Dec 6, 2011

Ciutat de Mataró

Mataró was the second race of the 2011-12 Copa Catalana de Ciclocross. The 2.5 km course was quite technical with views of the Mediterranean. I felt a lot more comfortable racing, but lost a minute on the second lap due to a mechanical. Approaching the first of two steep run-ups, I reached to pick up my bike from the downtube and my hand pushed my rear derailleur cable loose. I didn't think the bike was rideable so I walked off the course. Somehow, miraculously, the cable tightened back up and I was able to finish the race. I'm already looking forward to racing this course again next year. Photo ©2011 Chesco Alaman

Nov 24, 2011

Ciclocross Mataró

There will be mud.

Nov 13, 2011

IF Grassroots

Barcelona Metropolitan recently interviewed me for a story about cyclocross for their December issue. English photographer Lee Harris snapped this sweet shot in the woods behind Park Güell where I like to run. Photo ©2011 Lee Harris

Nov 7, 2011

Ciclocross Català

Yesterday was my first CX race in Les Franqueses del Vallès, about 30 mins by train from Barcelona. There were 104 riders.

The course was dominated by a stream bed that we rode into and ran out of three times per lap. The circuit featured mud, grass, puddles, pavement, sand, barriers, and a steep climb into the woods. It was raining but this was my baptism so I was expecting to get wet!

Just before lining up racer no. 86 noticed my number (98) was pinned upside down. I jumped right into the pain-cave on the first straightaway which was grass; by the second lap my mouth felt like cotton. My race rig is a work in progress: I'm riding a Surly Cross Check this season with plans to race an IF frame next year. My gearing (53x39; 12-28) is silly for 'cross. The Cross Check is neither heavy nor light; the geometry feels more attuned to urban riding or touring than racing.

One of my strengths was running with my bike. Although the Surly was uncomfortable to shoulder I decided to lose style points and push the bike ahead of me as I ran the run-ups. I noticed I was faster than stronger riders in these sections. Since my fitness is not there yet I assume my longish legs give me an advantage.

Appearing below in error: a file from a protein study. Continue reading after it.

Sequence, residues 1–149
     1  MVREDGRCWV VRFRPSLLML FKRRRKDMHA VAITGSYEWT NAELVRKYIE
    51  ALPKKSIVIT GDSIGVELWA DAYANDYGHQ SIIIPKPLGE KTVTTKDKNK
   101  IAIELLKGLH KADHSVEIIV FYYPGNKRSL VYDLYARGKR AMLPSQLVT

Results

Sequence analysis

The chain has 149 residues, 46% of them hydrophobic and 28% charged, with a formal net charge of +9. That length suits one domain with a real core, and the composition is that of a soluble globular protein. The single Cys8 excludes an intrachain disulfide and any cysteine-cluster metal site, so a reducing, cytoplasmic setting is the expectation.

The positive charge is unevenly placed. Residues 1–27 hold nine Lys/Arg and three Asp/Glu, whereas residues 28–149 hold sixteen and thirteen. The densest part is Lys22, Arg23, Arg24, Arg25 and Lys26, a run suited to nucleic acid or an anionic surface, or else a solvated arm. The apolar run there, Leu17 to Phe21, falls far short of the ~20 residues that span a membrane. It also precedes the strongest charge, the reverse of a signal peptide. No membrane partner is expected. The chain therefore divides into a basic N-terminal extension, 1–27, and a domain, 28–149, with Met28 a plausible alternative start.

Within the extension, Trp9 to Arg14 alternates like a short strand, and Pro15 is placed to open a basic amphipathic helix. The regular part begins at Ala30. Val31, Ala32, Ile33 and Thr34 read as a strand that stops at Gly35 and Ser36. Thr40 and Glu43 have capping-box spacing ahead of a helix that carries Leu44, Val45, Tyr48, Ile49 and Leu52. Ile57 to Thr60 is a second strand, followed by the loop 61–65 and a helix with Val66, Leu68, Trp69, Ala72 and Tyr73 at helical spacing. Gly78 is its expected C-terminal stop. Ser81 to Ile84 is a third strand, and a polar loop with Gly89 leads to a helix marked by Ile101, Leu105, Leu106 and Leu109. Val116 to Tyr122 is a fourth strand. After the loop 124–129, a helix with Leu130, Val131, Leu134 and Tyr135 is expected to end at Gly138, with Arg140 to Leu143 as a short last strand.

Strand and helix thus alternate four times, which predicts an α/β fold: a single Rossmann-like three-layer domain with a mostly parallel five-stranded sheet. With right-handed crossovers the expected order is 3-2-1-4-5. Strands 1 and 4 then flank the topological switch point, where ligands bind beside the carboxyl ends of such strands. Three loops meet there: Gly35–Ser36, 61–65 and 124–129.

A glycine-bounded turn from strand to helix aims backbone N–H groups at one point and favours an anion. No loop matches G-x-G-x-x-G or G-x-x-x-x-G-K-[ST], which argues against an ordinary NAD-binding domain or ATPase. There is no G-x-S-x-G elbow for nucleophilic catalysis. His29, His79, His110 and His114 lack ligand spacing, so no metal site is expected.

I finished third-from-last out of 29 in the Masters 30 category. Honestly I wouldn't have been disappointed with last. The field was strong and it was a victory crossing the finish line. I don't think I would have given chase had Oprah and Stedman passed me on a tandem. I was just trying to stay upright, but I will definitely take this as motivation to pedal harder at the next race in Mataró on November 27.

Nov 6, 2011

Les Franqueses

A Bicicletes Segú rider tests a tricky descent at Parc de Mil Pins in Les Franqueses del Vallès. The CX course was dominated by this stream which was featured three times per lap.

Oct 17, 2011

Surly Sketch

Build sketch for a 2011 Robin's Egg Blue Surly Cross Check. I actually struggled deciding between blue and black. What steered me this way was my grey Fi'zi:k Aliante saddle that got scuffed in a crash. I purchased a new saddle for my road rig and decided to sandpaper the grey one for my cross bike, which led to grey Hutchinson tires. Of course, orange Cinelli bar tape was the homerun.

Sep 14, 2011

Steel is Real

My steel Crown Jewel still rides as great as the day I picked it up at Rowlett's Bicycles in Richmond, Virginia in 1999. Twelve years later, she is still turning heads.

Jul 2, 2011

La Marmotte

La Marmotte (174km, 5,000m) is a mythical cycling race held in the French Alps. The epic route follows a 100-mile loop over three of the toughest mountain passes of the Tour de France — Cols Glandon (1,818m), Télégraphe (1,570m), and Galibier (2,642m) — before finishing up the legendary Alpe d’Huez (1,880m), for a total of nearly 50 miles (80 km) of climbing.

La Marmotte is a rite of passage for cyclists, especially those who religiously watch the Tour. I trained in earnest for 5 months, finishing in 8 hours 4 seconds (21.74kph) which earned a gold diploma for my age group; I was 1,384 out of 6,233 that finished, as 1,500 riders abandon the race.

Jun 25, 2011

Jun 18, 2011


Although the route is mostly through France, Quebrantahuesos (205km, 3500m) is Spain's premier cyclosportive. The level of organization, vibe, live tweeting, post-race carbs, free massages, and draft San Miguel, is so well done that the field should take note. A true celebration of Spanish cycling, the Bonebreaker is a must-ride (at least once) for roadies in Spain.

Starting from Sabiñánigo, the grueling route encompasses some of the most demanding mountain passes in The Pyrenees. Participation is by lottery and usually cuts off around 9,000 cyclists from more than 15,000 entrants. I finished in 7 hours 43 minutes (26.5kph), earning a gold diploma for my age group.